IT’S A LONG WAY TO STUDY KASHRUT: ASKOU 10 SEMINARS ON KOSHER LAW AND PRACTICE DRAW PARTICIPANTS FROM NEAR AND FAR
Where would you go if you wanted to learn the fine art of kashrut from experts, combining studies of the laws of kosher with the hands-on experiences that only those experts can provide? For dozens of rabbis and advanced rabbinical students this summer, the answer was the Orthodox Union.
When OU Kosher presented its Harry H. Beren ASKOU 10 program at its headquarters in New York, participants came not only from the local area, including most prominently Brooklyn and Monsey in New York and Lakewood in New Jersey, major centers of Torah study, but they came from further away as well – from Montreal in Canada and Watertown in the far reaches of upstate New York; from Baltimore and Cleveland; from Cherry Hill, NJ and Norwalk, CT; but also from communities not exactly in the New York metropolitan area – from Savannah, Georgia; Edmonton, Alberta Canada; Portland, Oregon; and Rouen, France — the same Rouen where six centuries ago Joan of Arc was burned at the stake. Immediately following the program, one of its graduates was scheduled to leave for his new rabbinical assignment: Sydney, Australia.
Rabbi Yerucham Schochet from Savannah; Rabbi David Laufer from Edmonton; Rabbi Dr. Dov Yitzchak Neal from Portland; Rabbi Chalom (pronounced Shalom) Levy from France; and Rabbi Avraham Colman of Lakewood, soon to be from Sydney, were among the 64 registrants in the courses.
The purpose of ASKOU10, like its nine predecessors, was to educate the new generation of kashrut professionals or to provide background for those who will not practice kashrut certification full time, but who will benefit in their daily work from advanced kosher education. As in past years, many of the graduates of the program – which is offered in alternate summers — are expected to work for large kosher certification agencies or for their local Va’ad HaKashrut. Including the current class, ASKOU has produced more than 650 graduates from all over the globe, many of whom have gone on to take important positions in the kosher world.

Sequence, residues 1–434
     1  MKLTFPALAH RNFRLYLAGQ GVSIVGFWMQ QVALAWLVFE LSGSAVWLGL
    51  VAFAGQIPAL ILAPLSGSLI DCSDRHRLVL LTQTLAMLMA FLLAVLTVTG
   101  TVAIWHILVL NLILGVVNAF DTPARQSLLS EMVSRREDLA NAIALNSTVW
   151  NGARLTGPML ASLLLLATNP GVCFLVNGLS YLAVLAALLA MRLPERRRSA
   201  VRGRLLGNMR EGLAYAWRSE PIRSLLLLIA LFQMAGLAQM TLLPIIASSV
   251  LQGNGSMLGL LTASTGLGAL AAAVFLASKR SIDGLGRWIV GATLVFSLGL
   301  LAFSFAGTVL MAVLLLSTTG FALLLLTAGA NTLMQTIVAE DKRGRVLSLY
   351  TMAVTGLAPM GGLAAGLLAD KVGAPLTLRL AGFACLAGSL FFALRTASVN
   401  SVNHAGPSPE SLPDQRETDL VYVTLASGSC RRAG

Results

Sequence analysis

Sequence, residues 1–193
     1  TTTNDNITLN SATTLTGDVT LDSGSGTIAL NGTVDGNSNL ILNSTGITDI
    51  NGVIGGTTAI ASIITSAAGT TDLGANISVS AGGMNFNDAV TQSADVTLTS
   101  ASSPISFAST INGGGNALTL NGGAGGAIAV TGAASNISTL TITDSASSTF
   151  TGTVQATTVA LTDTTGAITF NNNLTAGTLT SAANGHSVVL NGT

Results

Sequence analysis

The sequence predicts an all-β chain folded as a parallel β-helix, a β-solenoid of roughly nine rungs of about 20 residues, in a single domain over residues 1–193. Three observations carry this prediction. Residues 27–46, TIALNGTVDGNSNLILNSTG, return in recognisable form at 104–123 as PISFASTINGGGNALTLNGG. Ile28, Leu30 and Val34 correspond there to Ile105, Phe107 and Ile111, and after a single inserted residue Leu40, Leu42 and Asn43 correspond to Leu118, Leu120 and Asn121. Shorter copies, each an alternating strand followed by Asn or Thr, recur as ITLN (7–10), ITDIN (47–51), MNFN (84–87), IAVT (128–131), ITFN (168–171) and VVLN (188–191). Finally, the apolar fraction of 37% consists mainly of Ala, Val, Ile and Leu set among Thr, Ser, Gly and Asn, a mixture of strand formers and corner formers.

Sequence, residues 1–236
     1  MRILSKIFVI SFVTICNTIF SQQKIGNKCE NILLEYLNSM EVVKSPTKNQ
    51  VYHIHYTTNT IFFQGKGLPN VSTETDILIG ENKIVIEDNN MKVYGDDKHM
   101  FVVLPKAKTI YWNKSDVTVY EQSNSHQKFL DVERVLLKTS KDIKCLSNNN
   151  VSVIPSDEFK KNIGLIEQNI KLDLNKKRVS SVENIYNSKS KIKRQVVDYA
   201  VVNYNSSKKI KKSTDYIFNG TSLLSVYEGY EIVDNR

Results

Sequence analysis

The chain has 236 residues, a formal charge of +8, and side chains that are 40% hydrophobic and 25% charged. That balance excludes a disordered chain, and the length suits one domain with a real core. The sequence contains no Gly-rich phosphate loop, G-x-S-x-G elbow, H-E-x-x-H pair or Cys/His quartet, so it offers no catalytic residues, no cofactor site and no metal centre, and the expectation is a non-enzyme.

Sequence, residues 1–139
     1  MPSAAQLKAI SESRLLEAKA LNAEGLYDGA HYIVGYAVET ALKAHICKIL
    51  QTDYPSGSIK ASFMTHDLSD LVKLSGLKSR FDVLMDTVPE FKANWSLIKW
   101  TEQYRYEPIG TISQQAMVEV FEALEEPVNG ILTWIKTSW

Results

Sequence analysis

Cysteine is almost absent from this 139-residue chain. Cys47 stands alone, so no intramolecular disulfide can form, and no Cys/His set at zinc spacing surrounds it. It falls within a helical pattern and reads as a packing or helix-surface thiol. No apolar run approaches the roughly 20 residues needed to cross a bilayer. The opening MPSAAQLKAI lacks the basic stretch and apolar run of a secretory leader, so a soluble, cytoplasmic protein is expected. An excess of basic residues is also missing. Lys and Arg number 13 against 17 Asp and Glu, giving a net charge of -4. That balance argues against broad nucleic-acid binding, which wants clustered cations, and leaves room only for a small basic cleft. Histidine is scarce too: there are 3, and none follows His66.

ASK OU 10 is made up of three-week and one-week sessions. The three-week group consisted of semicha (rabbinical students) or members of a kollel for post-rabbinic education. The one-weekers included congregational rabbis, semicha students, kollel members, or members of a local va’ad.
Funding for ASKOU10 comes from the Harry H. Beren Foundation of Lakewood, NJ. The Beren Foundation provides financial support to a wide variety of OU kashrut education programs for all levels of knowledge and ages.
“It has been our great pleasure and privilege to once again service young men from around the globe who have turned to the Orthodox Union and its experts for guidance in the intricacies of practical kashrut procedures,” declared Rabbi Yosef Grossman, OU Senior Educational Rabbinic Coordinator, who organized the program, “The high standards of kosher protocol they have observed will do much to strengthen kashrut worldwide.”
Worth The Time and Expense
Each of the long-distance students agreed that it was worth the time and expense to come all the way to New York to sit at the feet of OU Kosher’s staff experts and guest lecturers. These experts included Rabbi Menachem Genack, Chief Executive Officer of OU Kosher; Rabbi Hershel Schachter, Rosh Yeshiva at the Rabbi Isaac Elchanan Theological Seminary of Yeshiva University, and one of two OU Kosher poseks – halachic decisors; as well as a long list of OU Kosher rabbinic coordinators and rabbinic field representatives, who taught their specialties to often enthralled audiences. Outside experts such as a skilled butcher demonstrated their wares; field trips to OU certified restaurants, banquet facilities and plants allowed the students to see how kosher laws are put to practical use in the field.